The cabinet on Sunday approved changes to government
regulations that will give greater authority over ministerial decisions
to Prime Minister Binyamin Netanyahu.
The regulations, which have
remained unchanged since 1948, dictate how the government determines
policy. Changes to the regulations, laid out in a 51-page document
compiled by Cabinet Secretary Tzvi Hauser, give Netanyahu the power to
set the agenda for ministerial committee meetings - calling meetings on
certain issues or cancelling meetings as he sees fit. This clause of the regulations gives the prime minister the ability to bring
an issue to a committee vote repeatedly in hopes of eventually winning
approval, or conversely of keeping an issue off the table indefinitely
if he so desires.
In addition, the changes will allow Netanyahu
to veto decisions made by ministerial committees or overturn a
committee's veto until an issue is raised again for discussion.
will also be entitled to hold ministerial votes over the telephone over
the course of up to 12 hours, but will also be allowed to shorten the
time frame at his discretion.
"The current move further
destabilizes the prime minister's decision-making process," opposition
leader Shaul Mofaz (Kadima) stated. "We have crucial decisions ahead of
us, and dealing with procedure to weaken opposing voices only increases
the fear that decisions are being made with a lack of judgment."
According to the opposition leader, Netanyahu is "attempting to hide behind regulations," and will not succeed.
is a move to avoid opinions opposing those of the prime minister – in
other words, the defense establishment of the past and present," Mofaz, a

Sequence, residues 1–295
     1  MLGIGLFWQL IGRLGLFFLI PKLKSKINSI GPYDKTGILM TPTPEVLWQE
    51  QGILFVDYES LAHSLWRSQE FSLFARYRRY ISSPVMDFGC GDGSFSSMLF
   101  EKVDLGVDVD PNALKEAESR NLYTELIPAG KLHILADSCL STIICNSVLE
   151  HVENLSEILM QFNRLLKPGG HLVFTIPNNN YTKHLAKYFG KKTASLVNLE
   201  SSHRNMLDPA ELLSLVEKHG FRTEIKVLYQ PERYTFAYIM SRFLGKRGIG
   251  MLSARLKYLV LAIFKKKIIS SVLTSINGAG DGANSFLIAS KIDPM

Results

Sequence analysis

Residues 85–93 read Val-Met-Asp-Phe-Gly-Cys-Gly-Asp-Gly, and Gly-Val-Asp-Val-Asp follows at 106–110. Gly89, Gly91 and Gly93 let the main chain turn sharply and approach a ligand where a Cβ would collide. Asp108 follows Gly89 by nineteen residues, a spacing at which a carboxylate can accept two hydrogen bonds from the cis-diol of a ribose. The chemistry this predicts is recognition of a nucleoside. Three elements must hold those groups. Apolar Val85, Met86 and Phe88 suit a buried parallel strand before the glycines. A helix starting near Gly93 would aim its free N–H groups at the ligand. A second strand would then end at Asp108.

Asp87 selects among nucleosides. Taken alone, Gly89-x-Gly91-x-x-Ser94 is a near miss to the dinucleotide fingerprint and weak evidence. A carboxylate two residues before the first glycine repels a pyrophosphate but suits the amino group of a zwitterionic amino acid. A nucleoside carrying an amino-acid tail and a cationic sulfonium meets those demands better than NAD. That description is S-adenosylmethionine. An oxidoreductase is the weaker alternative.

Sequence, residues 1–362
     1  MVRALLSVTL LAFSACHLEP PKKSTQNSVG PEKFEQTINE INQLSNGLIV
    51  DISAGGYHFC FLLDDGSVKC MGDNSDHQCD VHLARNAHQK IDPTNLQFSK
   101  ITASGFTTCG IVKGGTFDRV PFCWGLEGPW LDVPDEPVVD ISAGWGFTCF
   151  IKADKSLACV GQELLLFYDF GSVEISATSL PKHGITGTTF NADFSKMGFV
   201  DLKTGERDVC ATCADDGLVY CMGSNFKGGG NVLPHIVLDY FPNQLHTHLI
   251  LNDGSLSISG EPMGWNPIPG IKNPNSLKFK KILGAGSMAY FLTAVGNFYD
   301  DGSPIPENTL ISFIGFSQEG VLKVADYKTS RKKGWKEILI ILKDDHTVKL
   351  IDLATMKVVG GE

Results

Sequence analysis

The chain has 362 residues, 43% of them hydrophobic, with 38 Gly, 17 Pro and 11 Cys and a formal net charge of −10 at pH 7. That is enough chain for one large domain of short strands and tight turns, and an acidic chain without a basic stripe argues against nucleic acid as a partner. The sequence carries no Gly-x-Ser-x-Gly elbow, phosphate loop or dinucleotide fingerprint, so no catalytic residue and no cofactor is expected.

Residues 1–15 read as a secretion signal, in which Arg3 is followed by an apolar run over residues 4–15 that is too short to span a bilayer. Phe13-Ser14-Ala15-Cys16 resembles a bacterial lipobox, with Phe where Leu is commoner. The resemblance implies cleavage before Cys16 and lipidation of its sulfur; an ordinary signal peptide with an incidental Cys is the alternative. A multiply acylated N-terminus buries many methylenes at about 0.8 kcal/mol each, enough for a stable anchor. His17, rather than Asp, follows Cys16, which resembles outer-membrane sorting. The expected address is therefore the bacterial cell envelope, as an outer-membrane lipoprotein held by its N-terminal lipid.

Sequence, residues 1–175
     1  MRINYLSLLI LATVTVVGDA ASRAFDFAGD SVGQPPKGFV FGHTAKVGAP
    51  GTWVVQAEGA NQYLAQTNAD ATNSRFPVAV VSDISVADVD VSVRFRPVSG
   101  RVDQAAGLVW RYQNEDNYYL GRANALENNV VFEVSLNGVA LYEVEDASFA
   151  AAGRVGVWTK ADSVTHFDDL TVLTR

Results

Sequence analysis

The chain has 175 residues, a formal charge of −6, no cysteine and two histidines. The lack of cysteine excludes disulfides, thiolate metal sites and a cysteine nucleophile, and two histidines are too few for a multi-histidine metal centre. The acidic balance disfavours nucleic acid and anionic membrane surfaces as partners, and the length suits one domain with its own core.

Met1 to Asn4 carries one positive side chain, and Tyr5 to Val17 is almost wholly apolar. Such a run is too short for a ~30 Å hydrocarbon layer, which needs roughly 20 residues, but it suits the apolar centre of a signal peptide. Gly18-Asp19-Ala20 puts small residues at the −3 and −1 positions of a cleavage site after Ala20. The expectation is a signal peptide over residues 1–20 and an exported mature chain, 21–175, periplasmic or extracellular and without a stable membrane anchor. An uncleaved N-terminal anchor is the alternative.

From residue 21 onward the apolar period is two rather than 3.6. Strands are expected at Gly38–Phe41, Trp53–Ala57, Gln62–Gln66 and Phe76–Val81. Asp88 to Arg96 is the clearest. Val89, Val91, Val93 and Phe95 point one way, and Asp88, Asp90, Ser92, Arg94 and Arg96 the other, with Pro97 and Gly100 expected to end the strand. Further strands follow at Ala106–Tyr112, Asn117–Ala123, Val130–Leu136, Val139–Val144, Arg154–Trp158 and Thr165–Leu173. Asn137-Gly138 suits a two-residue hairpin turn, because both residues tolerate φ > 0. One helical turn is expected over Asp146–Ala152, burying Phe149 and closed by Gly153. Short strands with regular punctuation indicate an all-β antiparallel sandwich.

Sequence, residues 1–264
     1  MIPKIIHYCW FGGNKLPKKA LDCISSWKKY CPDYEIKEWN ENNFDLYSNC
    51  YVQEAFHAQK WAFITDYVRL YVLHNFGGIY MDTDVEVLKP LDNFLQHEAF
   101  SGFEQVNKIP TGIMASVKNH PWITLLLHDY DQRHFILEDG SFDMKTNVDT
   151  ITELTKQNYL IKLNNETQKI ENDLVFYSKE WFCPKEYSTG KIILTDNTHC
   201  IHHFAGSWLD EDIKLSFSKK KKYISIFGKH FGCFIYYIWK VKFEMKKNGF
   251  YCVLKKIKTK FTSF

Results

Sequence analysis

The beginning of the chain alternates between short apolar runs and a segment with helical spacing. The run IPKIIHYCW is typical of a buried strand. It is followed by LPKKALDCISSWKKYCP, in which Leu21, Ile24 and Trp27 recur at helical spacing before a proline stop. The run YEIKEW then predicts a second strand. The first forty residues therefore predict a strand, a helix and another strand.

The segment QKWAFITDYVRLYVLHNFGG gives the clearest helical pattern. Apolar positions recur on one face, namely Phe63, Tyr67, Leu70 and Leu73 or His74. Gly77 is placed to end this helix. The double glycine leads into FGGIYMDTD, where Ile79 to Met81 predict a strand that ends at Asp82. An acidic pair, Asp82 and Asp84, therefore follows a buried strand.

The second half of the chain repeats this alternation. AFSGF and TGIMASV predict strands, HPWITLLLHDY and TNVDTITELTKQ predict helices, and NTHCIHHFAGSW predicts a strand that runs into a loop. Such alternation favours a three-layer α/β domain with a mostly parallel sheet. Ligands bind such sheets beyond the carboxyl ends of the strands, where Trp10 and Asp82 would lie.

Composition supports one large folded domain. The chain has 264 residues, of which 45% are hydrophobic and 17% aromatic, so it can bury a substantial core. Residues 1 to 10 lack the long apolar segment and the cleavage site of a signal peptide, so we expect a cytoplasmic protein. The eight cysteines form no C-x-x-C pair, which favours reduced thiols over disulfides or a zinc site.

former IDF chief of staff, said.
A high-ranking Likud source
scoffed at Mofaz and others for speculating that the reason behind
Netanyahu's move for increased authority is Iran.
"This is not as
big a deal as people are making of it," the source said, pointing out
that ministers were notified of the vote on Wednesday, and the details
were posted on the government website for the public to see on Thursday.
leader Shelly Yechimovich on Sunday lambasted the changes,
calling them an unprecedented, dangerous step that concentrates
government power in the hands of one person.
decisions on policy, defense and socio-economic matters are bound to be
obligatorily accepted without meaningful discussion," Yechimovich said.
"We are talking about centralizing moves that endanger the democratic
nature of the State of Israel."
Hauser rejected speculation that
the changes are part of a ploy by Netanyahu to increase his
legal powers in the face of a potential strike against Iran's nuclear
Hauser said in an interview with Army Radio that the
regulations had not been changed since 1948 and the changes were merely
slight reformulations and edits meant to standardize the de facto
He stated that the changes had been in the works for a year-and-a-half and were sanctioned by the attorney-general.
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